Format: seminar. Evaluation will be based on class participation, brief presentations of readings, a final presentation and a research paper of 15-20 pages.

Enrollment limit: 16, with places for 8 undergraduate [ARTH 400] and 8 graduate students [ARTH 500] assured. Preference given to senior Art History majors and Graduate Program students.

Hour: 1:10-3:50 R

ZORACH

 

ARTH 502(F) From WCMA to Bilbao and Beyond: The Future of Museums in the Global Cultural Landscape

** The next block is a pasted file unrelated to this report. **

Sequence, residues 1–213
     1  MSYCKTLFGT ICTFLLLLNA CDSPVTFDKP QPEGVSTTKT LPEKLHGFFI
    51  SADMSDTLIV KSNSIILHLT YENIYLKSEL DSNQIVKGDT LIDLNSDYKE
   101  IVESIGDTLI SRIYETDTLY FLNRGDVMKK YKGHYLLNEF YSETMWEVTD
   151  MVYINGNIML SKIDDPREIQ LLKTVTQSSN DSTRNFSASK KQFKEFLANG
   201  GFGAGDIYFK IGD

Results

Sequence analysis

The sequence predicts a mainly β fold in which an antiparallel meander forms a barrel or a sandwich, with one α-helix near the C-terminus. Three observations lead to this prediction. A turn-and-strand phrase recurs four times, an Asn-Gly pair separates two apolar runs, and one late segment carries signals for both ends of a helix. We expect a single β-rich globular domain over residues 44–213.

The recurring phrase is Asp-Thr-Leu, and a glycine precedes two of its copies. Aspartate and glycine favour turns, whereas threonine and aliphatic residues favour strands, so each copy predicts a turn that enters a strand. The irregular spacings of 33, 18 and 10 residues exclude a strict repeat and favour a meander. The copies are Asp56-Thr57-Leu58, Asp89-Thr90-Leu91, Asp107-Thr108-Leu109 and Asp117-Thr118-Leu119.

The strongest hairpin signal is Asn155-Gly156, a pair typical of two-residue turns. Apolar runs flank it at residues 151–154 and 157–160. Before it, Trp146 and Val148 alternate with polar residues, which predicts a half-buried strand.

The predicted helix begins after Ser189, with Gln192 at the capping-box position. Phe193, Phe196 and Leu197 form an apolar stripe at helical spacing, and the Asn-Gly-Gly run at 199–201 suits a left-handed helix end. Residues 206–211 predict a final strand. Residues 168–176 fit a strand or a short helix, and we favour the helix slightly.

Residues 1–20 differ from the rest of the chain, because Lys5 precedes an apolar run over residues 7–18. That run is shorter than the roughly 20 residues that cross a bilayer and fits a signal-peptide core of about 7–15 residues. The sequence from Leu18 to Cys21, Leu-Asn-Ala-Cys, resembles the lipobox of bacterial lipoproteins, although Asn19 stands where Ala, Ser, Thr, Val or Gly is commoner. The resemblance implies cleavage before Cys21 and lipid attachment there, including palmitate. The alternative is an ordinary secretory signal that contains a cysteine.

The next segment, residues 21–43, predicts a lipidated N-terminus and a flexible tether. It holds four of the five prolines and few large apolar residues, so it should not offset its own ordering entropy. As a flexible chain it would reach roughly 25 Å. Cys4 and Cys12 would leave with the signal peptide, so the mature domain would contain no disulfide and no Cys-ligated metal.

Over the past century, Europe and the U.S. experienced a steady and pervasive growth of public institutions, private collections, and a museum and gallery-going audience. In the past two decades, however, this growth has leveled off. Since the financial meltdown of 2008 the “crisis in the arts” has become an ongoing article of faith among museum professionals and trustees alike. At the same time, cultural activity in the developing world—as reflected in the creation of new museums, arts institutions, and private collections—seems to be increasing at a substantial rate. China and the Middle East are prime examples whereby governments, corporations, and private individuals are funding the development and construction of new arts institutions at a rate that surpasses anything seen in the west. The central focus of this course will be (1) to examine the implications of cultural globalization as it impacts museums and the art world; (2) to explore the tension between these two prevailing forces or tendencies described above; (3) to analyze the motivations and rationale for large scale cultural investment world-wide as a political and socio-economic phenomenon; and (4) to assess the impact of the globalization of culture on the western notions of art history, the art markets; and the significance of the most sophisticated aspects of contemporary art. We live in turbulent times. What is happening in the field of culture and art museums—like every other aspect of human society—will, by definition, generate new models of the form. The future of art museums, as well as the terms and mechanisms of how culture is used and consumed, is likely to be driven in large part by globalization and history. The objective of this course will be to examine these issues.